Mars Discovery Program: Background information

Verizon Innovative Learning explorer lab

The engineering design process is directly applicable across the middle school curriculum and can be integrated into life science, physical science, math, and earth science classes. Below we have provided some connections for teachers in each of these subjects.

The engineering design process is a series of steps that engineers follow to come up with a solution to a problem. Many times the solution involves designing a product (like a machine or computer code) that meets certain standards and/or accomplishes a certain task.

Engineers do not always follow the engineering design process steps in order, one after another. It is very common to design something, test it, find a problem, and then go back to an earlier step to make a modification or change to your design. This way of working is called iteration, and it is likely that your rover design process will do the same.


During the Mars Destination mission, you will remotely drive a rover over the Martian surface and be presented with different challenges to complete. To progress through the game, you will have to identify what challenges your rover faces and overcome them in order to move on to the next level. You will face a many different types of challenges throughout the game, including how to design a rover to maneuver over different terrains (i.e. sand, rocks, or boulders) and how to best collect evidence of water and life on Mars.


To overcome the different obstacles you face, you will have to consider different solutions for them. You may have to come up with alternative wheel designs or take a different route in order to cross the Martian surface and achieve your goal. You will have to identify the limitations of your solutions such as limited battery power or the type of obstacles on the Martian surface. There might be multiple solutions to a problem and you will have to consider the pros and cons of each before you choose which solution to try.


After you choose a design, you will have to test it on the Martian surface. As you drive your rover, will it be able to get over large boulders? Will the battery last the whole trek? Was your rover able to complete the required task and collect different samples? These are the types of questions you will have to answer as you test your rover. Some of your designs may fail at first, when this happens stop and think about why the design did not work and decide how to re-design and optimize your rover to be able to complete the task. You will be able to work through the engineering loop until you are able to find the best solution to your problem.


An engineer is person who uses scientific information to solve real world problems. An engineer can design and build products, machines, and structures. They use a systematic design process to create solutions to solve problems and to figure out how things work.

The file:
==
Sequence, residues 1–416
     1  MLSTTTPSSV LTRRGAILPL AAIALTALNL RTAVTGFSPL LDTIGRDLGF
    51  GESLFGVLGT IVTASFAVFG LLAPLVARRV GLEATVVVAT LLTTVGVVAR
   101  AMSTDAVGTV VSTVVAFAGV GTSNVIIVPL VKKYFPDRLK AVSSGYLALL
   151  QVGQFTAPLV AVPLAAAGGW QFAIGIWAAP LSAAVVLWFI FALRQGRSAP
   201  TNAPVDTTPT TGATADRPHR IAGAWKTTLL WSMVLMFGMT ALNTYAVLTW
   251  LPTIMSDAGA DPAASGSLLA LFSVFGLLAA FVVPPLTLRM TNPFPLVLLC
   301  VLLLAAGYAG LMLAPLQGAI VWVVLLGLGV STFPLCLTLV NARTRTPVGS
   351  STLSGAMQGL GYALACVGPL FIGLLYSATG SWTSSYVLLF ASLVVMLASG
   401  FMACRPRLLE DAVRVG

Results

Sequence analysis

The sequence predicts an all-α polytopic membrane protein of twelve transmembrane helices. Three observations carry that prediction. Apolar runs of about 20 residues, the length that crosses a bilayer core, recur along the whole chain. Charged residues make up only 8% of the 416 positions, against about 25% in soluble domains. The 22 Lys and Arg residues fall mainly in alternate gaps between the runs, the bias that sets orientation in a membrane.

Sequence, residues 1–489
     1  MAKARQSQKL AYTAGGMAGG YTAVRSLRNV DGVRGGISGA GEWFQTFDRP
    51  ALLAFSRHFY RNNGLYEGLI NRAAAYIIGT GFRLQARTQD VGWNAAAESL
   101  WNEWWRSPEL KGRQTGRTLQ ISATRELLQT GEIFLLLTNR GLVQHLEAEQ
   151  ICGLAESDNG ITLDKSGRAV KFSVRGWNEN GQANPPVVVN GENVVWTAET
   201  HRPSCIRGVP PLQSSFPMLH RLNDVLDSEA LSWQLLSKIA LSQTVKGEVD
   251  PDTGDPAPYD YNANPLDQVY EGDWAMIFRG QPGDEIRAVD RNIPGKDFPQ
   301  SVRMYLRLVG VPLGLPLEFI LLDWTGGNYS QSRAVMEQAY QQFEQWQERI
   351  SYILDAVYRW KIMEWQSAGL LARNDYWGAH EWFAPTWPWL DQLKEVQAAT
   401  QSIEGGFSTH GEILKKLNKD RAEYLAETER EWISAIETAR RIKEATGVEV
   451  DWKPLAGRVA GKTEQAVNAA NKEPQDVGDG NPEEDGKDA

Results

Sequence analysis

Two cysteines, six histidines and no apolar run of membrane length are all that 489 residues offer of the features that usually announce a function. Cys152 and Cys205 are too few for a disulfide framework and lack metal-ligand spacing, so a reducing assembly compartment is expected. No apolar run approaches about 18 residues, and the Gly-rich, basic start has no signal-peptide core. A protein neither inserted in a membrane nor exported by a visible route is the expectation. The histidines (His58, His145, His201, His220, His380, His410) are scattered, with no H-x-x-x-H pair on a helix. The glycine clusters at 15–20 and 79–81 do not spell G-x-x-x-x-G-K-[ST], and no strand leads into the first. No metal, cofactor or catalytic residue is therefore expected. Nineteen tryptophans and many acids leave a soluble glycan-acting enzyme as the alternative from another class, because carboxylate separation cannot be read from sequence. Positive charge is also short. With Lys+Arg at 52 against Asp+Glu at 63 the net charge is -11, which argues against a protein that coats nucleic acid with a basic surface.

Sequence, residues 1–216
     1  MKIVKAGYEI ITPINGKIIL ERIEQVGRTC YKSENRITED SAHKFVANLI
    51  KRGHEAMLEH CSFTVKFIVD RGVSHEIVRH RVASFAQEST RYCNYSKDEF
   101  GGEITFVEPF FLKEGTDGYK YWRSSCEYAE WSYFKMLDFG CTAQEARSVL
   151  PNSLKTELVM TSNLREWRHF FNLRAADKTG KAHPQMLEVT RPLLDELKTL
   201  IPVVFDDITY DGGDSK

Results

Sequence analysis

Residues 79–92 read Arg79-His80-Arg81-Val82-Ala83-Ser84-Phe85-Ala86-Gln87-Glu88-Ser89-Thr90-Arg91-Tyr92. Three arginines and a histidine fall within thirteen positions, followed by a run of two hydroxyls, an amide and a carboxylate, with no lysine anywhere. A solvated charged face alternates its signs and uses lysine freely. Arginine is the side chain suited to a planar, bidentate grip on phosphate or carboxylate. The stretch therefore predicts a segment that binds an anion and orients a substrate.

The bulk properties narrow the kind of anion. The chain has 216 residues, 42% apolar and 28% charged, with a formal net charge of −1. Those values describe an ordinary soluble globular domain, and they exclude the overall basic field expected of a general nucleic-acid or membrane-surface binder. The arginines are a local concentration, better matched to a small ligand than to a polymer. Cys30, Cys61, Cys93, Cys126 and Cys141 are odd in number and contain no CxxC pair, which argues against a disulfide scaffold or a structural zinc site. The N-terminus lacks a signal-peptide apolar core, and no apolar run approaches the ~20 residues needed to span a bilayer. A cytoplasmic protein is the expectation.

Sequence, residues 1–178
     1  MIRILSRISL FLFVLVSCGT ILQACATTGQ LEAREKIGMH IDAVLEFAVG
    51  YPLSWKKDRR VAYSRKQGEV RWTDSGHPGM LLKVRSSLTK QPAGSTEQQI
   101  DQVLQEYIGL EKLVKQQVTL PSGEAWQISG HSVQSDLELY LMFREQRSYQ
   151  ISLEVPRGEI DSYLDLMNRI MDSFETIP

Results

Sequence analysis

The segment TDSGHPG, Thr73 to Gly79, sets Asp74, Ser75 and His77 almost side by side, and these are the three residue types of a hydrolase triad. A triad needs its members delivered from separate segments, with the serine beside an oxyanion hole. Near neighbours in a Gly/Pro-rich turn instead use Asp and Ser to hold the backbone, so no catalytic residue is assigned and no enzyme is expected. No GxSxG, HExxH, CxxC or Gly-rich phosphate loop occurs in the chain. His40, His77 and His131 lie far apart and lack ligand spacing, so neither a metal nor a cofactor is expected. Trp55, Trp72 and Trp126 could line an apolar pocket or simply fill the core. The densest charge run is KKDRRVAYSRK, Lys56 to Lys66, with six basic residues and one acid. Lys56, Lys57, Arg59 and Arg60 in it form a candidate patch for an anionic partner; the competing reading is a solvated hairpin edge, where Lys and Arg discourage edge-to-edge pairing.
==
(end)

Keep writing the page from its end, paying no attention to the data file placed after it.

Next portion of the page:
Engineers use a design process to solve problems.

First, they must identify a problemthat needs a solution. This problem could be how to build a bridge over a large body of water or how to better design a cell phone for better reception.

The second step in engineering is to identify the criteria and constraints of possible solutions. The criteria could be how long a bridge must be and how much weight it must carry.  A constraint can be lack of technology or types of materials that can be used. Besides physical constraints, engineers must also consider social constraints like budgets and effects on the environment. The next step of the process is to develop possible solutions. There is never one solution to a problem and engineers will brainstorm different possibilities will take the best parts of different solutions before choosing a solution.

The fourth step is to test their solution and optimize. By testing their solutions, engineers can evaluate the parts of their solution that worked and the things that might have gone wrong. They will use this information to go back and optimize and improve their solution. This solution can now be tested again to see if it solves the original problem. Engineers continue to test and optimize their designs until they find an optimal solution. This is called the engineering loop.


Engineers come in many types and are part of many different fields. While some engineers may concentrate on one field, many of their projects tend to be interdisciplinary, combining elements of many different disciplines. There are six main groups of engineers.

Mechanical engineers design and analyze things that involve heat and mechanical power for the operations of machines. This can be designing new types of cars or developing new types of equipment for sports teams.

Chemical engineers apply chemistry and biology to creating new materials like creating synthetic proteins to help design medications or design new types of plastics that are biodegradable.

Civil engineers design and construct physical environments like bridges that withstand earthquakes or ways to provide cities with drinking water.

Electrical engineers apply the science of electricity and electromagnetism in designing products. Many computer engineers are electrical engineers designing hardware and the inner workings of computers and cell phones.